In this course students will examine issues, concepts, and cases in research ethics and the responsible conduct of research. Designed to meet NSF and NIH requirements for training, topics will include research integrity, conflicts of interest, authorship, peer review, human and animal experimentation, mentorship, data, and values in science.
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1 Credit Hour. 1 Lecture Contact Hour. 0 Lab Contact Hours.
Course Attribute(s): Exclude from Graduate GPA
Grade Mode: Leveling/Assistantships

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PHIL 5199B. Thesis.

This course represents a student’s continuing thesis enrollment. The student continues to enroll in this course until the thesis is submitted for binding. Graded on a credit (CR), progress (PR), no credit (F) basis.
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1 Credit Hour. 1 Lecture Contact Hour. 0 Lab Contact Hours.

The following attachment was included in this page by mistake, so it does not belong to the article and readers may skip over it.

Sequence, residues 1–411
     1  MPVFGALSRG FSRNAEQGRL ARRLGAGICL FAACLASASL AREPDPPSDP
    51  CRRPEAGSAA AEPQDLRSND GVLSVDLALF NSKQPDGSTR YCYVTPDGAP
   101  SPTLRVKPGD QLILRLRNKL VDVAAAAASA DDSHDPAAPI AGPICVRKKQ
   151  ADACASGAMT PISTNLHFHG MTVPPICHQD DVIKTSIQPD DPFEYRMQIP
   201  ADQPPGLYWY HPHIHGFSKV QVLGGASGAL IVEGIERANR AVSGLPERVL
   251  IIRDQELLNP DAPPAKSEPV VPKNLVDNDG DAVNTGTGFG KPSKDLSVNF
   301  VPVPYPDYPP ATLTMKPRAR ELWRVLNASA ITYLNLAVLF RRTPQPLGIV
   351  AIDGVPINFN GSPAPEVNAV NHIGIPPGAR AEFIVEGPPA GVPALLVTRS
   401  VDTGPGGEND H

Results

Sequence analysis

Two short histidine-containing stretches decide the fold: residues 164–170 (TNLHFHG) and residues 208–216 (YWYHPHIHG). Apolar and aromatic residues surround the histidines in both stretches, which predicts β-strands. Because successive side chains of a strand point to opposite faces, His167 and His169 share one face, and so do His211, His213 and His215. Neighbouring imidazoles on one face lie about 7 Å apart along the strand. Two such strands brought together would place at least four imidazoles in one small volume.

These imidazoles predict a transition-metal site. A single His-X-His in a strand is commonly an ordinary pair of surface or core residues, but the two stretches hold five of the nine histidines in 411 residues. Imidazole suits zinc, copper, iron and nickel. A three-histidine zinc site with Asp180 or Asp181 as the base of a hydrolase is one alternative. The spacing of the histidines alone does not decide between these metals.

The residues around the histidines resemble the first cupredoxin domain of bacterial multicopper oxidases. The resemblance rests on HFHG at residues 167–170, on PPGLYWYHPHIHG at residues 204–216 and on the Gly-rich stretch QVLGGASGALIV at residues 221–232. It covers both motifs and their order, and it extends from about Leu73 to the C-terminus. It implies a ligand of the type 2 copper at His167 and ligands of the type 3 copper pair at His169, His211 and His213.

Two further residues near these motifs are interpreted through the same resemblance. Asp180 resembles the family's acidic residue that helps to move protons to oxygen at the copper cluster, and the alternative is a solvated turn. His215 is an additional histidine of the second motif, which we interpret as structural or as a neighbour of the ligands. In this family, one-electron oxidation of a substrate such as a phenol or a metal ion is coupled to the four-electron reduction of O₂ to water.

Grade Mode: Credit/No Credit

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PHIL 5299B. Thesis.

This course represents a student’s continuing thesis enrollment. The student continues to enroll in this course until the thesis is submitted for binding. Graded on a credit (CR), progress (PR), no credit (F) basis.
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2 Credit Hours. 2 Lecture Contact Hours. 0 Lab Contact Hours.
Grade Mode: Credit/No Credit

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PHIL 5301. Applied Philosophy.

Practical application of methods and teaching of philosophy to such major areas of human experience as religion, science, morality, politics, art, or literature. The study of one or more of these areas will demonstrate how philosophy contributes to the identification of issues as well as their resolution. May be repeated twice for credit.
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3 Credit Hours. 3 Lecture Contact Hours. 0 Lab Contact Hours.
Grade Mode: Standard Letter

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PHIL 5302. Dialogue.

Study of literature about the nature, purpose, and significance of dialogue along with active participation in the dialogues of the Department of Philosophy’s Dialogue Series.
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3 Credit Hours. 3 Lecture Contact Hours. 0 Lab Contact Hours.
Grade Mode: Standard Letter

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PHIL 5303. Philosophy of Technology.